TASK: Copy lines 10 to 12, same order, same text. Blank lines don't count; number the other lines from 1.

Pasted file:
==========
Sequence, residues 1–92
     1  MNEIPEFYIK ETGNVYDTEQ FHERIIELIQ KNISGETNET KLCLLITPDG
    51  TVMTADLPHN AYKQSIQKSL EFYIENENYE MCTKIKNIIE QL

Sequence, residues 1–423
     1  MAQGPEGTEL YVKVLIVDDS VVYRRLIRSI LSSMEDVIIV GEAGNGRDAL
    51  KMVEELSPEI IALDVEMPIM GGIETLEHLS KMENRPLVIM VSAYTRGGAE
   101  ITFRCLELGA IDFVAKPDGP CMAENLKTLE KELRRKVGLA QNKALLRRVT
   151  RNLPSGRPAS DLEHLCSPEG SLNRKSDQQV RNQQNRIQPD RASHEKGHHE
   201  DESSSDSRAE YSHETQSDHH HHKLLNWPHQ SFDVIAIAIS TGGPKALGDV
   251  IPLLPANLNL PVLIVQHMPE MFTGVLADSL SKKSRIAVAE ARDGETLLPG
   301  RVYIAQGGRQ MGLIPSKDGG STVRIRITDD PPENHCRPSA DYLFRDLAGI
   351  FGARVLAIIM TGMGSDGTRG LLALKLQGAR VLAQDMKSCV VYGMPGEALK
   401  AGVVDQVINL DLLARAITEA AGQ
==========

   251  IPLLPANLNL PVLIVQHMPE MFTGVLADSL SKKSRIAVAE ARDGETLLPG
   301  RVYIAQGGRQ MGLIPSKDGG STVRIRITDD PPENHCRPSA DYLFRDLAGI
   351  FGARVLAIIM TGMGSDGTRG LLALKLQGAR VLAQDMKSCV VYGMPGEALK